10 things you need to know before the opening bell

Here is what you need to know.

Today is jobs day. Bloomberg data shows Wall Street is expecting the addition of 201,000 nonfarm jobs and the unemployment rate to hold at 5.1%. Additionally, average hourly earnings are expected to post an increase of 2.4% year-over-year. Nonfarm private payrolls are expected to increase by 197,000.

The US will hit its debt ceiling in about a month. Treasury Secretary Jack Lew says the nation’s debt ceiling will be hit around November 5. “I respectfully urge Congress to take action as soon as possible and raise the debt limit,” Lew said.

Global manufacturing is weak. The latest JPMorgan Markit global manufacturing PMI slumped to 50.6 in September, its weakest since July 2013. The sub-components of the index were mixed with output and new orders expanding at a slower rate and new exports, employment and input/output prices all falling. “The Asia region remained one of the weaker points in the global manufacturing sector during September,” Markit said.

Sprint announced a new cost-cutting plan. An internal memo said the company plans to cut an unspecified amount of jobs on its way to $US2-$US2.5 billion in cost savings, the Wall Street Journal reports. According to the WSJ, the memo also stated the company has frozen external hiring and that all expenditures must be approved.

Micron Technology beat on the top and bottom lines. The semiconductor announced earnings of $US0.37 per share, topping the Wall Street estimate by a nickel. Revenue slumped 14.8% to $US3.6 billion, but still beat the $US3.56 billion that analysts were anticipating. Micron sees earnings per share of $US0.20-$US0.26, below the $US0.38 estimate. In addition, the company issued downside revenue guidance of $US3.35-$US3.60 billion, which is shy of the $US3.72 billion that was expected. “While fourth quarter results were impacted by continued weakness in the PC sector, we believe that memory industry fundamentals remain favourable over the long term,” CEO D. Mark Durcan said in the earnings release.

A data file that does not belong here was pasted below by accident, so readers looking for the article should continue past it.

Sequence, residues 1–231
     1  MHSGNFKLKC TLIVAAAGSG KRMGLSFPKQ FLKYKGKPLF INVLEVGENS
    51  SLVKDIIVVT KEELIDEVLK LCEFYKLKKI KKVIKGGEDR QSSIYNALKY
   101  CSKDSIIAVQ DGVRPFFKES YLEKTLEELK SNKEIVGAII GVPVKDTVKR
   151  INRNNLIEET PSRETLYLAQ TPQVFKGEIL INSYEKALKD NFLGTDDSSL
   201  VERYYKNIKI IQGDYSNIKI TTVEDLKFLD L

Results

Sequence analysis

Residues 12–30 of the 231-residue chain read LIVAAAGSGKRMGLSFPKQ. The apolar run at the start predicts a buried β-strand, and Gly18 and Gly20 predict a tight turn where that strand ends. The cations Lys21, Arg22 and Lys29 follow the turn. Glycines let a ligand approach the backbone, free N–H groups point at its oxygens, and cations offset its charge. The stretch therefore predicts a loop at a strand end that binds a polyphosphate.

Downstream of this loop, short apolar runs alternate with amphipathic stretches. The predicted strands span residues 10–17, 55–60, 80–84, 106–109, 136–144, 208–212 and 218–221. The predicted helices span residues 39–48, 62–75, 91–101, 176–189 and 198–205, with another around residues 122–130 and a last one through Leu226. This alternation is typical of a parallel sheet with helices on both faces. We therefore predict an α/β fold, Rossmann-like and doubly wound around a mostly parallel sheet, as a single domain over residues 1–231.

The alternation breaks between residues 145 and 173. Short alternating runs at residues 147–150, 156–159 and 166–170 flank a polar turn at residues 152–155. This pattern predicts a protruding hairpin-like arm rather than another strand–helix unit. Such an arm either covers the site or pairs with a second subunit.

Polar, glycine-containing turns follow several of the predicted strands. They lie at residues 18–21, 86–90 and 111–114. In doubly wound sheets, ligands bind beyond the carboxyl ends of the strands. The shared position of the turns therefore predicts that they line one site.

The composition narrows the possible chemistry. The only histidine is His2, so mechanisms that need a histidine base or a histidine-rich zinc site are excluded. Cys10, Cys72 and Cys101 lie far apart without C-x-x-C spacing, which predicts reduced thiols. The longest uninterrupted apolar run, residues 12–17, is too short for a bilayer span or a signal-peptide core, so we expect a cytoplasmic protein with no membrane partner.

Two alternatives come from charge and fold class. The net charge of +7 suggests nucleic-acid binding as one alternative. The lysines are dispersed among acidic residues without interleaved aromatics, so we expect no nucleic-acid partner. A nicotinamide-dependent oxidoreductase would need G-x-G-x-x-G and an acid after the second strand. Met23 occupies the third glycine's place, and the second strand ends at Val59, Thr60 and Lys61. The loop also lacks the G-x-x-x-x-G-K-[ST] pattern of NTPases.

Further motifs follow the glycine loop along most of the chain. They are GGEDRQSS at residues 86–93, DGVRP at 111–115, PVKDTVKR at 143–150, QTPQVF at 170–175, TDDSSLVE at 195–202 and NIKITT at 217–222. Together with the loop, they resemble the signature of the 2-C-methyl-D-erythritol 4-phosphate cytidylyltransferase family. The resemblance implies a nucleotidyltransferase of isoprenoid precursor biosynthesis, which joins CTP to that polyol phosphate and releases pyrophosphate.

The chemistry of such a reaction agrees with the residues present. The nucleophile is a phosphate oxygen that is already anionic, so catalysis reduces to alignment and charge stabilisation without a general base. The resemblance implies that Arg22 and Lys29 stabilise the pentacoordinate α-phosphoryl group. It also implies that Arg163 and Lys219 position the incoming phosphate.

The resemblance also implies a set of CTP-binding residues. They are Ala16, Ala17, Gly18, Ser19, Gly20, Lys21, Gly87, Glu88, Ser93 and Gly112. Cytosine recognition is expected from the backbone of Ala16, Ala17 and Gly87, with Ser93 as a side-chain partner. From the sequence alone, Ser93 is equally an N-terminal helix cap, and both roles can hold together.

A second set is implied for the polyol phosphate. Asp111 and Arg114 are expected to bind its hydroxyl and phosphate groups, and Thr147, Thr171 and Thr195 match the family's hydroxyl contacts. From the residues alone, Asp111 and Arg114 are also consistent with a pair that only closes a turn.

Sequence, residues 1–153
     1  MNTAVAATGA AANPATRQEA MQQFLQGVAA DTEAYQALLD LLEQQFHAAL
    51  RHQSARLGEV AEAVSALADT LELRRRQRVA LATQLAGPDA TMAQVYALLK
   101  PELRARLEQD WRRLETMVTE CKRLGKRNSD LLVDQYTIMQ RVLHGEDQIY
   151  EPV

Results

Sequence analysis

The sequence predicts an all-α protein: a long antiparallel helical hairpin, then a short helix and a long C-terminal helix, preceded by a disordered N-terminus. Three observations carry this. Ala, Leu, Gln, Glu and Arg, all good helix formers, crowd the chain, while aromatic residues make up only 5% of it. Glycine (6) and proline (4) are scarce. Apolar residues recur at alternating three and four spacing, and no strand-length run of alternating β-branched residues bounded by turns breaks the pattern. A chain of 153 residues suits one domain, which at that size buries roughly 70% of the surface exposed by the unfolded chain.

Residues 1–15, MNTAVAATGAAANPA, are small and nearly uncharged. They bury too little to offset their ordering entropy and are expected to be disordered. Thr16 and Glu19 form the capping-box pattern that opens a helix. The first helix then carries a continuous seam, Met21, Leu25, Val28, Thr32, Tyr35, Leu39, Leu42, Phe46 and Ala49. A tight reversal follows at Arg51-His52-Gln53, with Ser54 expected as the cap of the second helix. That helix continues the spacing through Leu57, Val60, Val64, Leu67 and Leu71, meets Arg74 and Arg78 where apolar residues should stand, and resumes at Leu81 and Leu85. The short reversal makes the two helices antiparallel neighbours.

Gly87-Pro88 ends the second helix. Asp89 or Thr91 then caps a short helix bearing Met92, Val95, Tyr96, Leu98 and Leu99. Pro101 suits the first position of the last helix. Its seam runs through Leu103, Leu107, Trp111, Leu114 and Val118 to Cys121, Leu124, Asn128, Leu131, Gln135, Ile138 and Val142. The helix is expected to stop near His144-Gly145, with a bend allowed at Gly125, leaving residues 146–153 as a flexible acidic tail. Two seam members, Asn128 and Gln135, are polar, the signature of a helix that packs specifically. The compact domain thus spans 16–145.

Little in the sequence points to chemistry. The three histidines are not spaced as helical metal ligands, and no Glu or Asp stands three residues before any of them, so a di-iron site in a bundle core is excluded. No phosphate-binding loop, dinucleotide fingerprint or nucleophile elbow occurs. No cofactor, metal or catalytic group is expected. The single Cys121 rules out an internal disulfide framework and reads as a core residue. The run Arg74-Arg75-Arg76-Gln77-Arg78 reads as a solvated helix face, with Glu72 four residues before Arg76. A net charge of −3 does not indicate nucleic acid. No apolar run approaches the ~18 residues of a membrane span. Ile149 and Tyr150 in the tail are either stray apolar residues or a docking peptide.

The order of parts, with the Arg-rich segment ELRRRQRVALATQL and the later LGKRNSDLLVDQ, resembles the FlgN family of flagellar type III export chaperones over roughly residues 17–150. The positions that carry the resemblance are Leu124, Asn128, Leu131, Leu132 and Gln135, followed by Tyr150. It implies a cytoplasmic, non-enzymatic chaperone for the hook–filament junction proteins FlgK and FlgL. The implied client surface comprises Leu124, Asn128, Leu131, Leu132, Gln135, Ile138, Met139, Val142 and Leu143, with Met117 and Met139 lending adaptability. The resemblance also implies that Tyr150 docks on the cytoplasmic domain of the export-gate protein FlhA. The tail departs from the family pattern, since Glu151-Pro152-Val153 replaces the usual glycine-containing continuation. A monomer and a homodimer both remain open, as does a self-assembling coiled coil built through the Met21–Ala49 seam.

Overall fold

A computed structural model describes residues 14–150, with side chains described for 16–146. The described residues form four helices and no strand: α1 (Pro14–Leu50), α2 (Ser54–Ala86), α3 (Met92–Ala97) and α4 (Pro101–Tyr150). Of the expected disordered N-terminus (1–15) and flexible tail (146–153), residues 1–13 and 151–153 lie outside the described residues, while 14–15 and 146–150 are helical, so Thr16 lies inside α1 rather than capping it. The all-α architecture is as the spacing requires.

Amazon is going to stop selling Apple and Google video-streaming devices. Bloomberg reports, Amazon marketplace sellers will no longer be allowed to list Apple or Google video-streaming devices after October 29, because their compatibility with Amazon’s Prime Video service isn’t the best. Sellers will also have to take down old listings once the deadline passes. “It’s important that the streaming media players we sell interact well with Prime Video in order to avoid customer confusion,” Amazon told Bloomberg in a statement. Roku, XBOX, PlayStation and Fire TV have better compatibility, Amazon told Business Insider.

15 million T-Mobile customers may have had personal information compromised. Experian, one of the world’s largest credit agency data brokers, says 15 million T-Mobile customers’ personal information may have been compromised, The Guardian reports. The hacked information includes names, addresses, social security, driver’s licence and passport numbers. According to Experian, “Those who applied for T-Mobile USA postpaid services or device financing from September 1, 2013 through September 16, 2015” are affected.

Stock markets around the world are bid. Hong Kong’s Hang Seng (+3.2%) paced the gains in Asia and France’s CAC (+2.1%) leads the advance in Europe. S&P 500 futures are higher by 6.75 points at 1923.50.

The market still doesn’t think a rate hike is happening this year. Data provided by Bloomberg suggests an 18% probability the Fed will raise rates in October and a 44.2% probability December will be the month of the first rate hike. The market is pricing in a 52% probability Fed liftoff will begin at the January meeting.

There is other data coming besides the jobs report. Factory orders will be released at 10 a.m. ET and the Baker Hughes rig count is due out at 1 p.m. ET. The US 10-year yield is up 2 basis points at 2.06%.

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